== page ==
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In the neighborhood of Harlem in New York City, some longtime residents—the ones old enough to remember the first Harlem Renaissance—are being priced out of their homes. Fortunately, they have Victory One, an apartment building for low-income seniors. "We provide affordable housing to people who aren't the target of the current real estate market," says Lucille McEwen, president and CEO of the Harlem Congregations for Community Improvement, a nonprofit that offers housing, as well as educational and health services, throughout the neighborhood. "Most of the seniors come to us while they still have independent skills, and we link them with the services they need so they won't have to go into a nursing home."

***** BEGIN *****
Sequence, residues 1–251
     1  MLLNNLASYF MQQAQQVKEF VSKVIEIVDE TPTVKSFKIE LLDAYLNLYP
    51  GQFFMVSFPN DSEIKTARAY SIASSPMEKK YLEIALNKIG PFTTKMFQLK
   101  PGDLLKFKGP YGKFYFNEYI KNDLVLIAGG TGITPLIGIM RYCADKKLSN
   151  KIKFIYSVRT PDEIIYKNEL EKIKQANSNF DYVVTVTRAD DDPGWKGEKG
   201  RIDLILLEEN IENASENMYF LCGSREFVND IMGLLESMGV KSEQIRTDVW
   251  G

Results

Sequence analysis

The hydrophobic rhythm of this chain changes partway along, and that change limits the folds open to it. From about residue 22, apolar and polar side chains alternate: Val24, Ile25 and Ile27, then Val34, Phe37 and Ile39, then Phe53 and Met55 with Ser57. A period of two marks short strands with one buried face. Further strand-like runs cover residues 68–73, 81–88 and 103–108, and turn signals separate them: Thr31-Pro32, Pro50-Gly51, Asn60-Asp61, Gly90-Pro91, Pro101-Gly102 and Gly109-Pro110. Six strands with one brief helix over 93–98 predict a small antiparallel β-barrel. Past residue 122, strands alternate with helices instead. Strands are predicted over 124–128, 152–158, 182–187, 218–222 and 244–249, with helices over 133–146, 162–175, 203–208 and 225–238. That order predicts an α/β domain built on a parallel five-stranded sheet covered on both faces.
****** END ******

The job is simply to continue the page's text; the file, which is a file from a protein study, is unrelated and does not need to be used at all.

Rents are scaled to what people can afford—as low as $118 a month. But that money doesn't buy a lot of space—one-bedroom units are only 389 square feet. So when residents want to entertain, they rely on the community room, which, according to 79-year-old tenant Eleanora Garrett, wasn't only an unpleasant space, "It was downright homely."